“I feel that a straightforward statement of my original intent robs the listener of personal associations and replaces them with my own.” – Robert Hunter
My daughter’s class recently completed a unit centered on Thornton Wilder’s Our Town. As part of the unit each student interviewed a member of the community they admired, developed two pieces of artwork (which included films, paintings, sculptures, and photographs), a creative writing piece, and, finally, an interpretation/explanation of the artwork. A local gallery exhibited the work and they even staged an opening night event with music and food. It was a great night, and the students really seemed to enjoy themselves.
I had already seen my daughter’s artwork when she completed it, and I immediately picked up on a lot of the symbolism in it. At the exhibit I read her explanation and learned a lot more: why she chose the medium (colored pencils, which she hates); why the pencil lines are rougher in one of the pictures than the other; why she chose to leave faces unfinished in one part of her picture. When I told her I liked reading the explanation, she surprised me by telling me she thought explanations “cheapened” the work. Her preference is to leave it up to the viewer to interpret it themselves. Spoken like a true artist! (She did admit, however, that she liked reading her classmates’ interpretations of their work; she just didn’t like doing it for her own.)
My daughter’s words echo the sentiment expressed by Robert Hunter at the top of this post. Hunter is a poet, musician, and was chief lyricist for the Grateful Dead. He provided the above quote in response to an extended analysis of his song lyrics (the full text can be found here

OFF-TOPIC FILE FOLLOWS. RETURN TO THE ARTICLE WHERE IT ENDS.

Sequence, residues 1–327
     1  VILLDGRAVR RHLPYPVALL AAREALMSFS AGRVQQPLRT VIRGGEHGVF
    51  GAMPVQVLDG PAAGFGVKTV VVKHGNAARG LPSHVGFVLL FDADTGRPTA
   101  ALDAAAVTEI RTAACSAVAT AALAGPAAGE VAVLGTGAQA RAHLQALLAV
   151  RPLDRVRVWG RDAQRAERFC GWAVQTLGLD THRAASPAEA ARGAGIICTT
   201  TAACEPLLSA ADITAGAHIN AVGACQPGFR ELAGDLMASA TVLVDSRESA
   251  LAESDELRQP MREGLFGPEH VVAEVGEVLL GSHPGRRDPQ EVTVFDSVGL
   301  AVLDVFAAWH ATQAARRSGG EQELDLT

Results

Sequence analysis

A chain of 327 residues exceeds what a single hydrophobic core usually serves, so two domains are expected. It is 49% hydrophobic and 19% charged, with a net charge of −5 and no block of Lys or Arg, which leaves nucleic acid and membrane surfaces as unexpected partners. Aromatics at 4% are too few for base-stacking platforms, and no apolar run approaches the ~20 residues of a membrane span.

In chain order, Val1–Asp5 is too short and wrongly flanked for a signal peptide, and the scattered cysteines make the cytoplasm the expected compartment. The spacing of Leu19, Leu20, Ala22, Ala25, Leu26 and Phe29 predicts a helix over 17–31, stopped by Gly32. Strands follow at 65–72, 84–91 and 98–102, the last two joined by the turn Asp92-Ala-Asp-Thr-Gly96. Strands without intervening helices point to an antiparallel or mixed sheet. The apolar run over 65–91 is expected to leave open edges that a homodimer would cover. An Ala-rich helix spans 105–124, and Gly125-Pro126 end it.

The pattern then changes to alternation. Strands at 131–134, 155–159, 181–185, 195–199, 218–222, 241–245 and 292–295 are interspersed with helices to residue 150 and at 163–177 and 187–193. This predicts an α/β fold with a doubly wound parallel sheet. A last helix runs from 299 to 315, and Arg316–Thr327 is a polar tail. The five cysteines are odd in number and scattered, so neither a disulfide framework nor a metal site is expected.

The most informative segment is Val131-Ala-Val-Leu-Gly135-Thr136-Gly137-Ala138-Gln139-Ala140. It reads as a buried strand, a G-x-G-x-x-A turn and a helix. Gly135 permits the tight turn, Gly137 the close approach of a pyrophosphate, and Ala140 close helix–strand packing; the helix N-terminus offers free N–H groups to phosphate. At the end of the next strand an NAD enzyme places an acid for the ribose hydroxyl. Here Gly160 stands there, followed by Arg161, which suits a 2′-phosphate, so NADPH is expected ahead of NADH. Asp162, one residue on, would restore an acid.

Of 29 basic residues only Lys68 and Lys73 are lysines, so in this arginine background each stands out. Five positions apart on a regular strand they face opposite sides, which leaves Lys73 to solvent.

). Hunter recognized that there are as many ways to interpret song lyrics as there are listeners, and that every interpretation is valid. This applies to any creative piece, really.
I am fascinated with the creative process. I like to hear artists, writers, and musicians talk about what was going on in their minds when they wrote a story or piece of music, the effect they were going for when they mixed the sound in the studio or added a swirl of color to the painting. I’m a sucker for shows like Classic Albums or Behind the Music on VH1, not so much for the dirt — who was sleeping with whom, how many bottles of vodka were consumed during the recording of this album — but because it sheds light on how they did it (although I’m sometimes disappointed when someone says something along the lines of “Yeah, I wrote that song in about ten minutes, it was nothing.”). In the same vein I enjoy threads on Absolute Write where people talk about what inspired them to write a novel or story. It’s a window into the minds of others, a way to bring people closer together, and it gets me thinking about my own creativity.
Does interpreting the piece cheapen it, as my daughter stated? Not for me. I find it provides more depth to the piece than I originally experience, and gives me something more to think about. And thinking is never a bad thing, is it?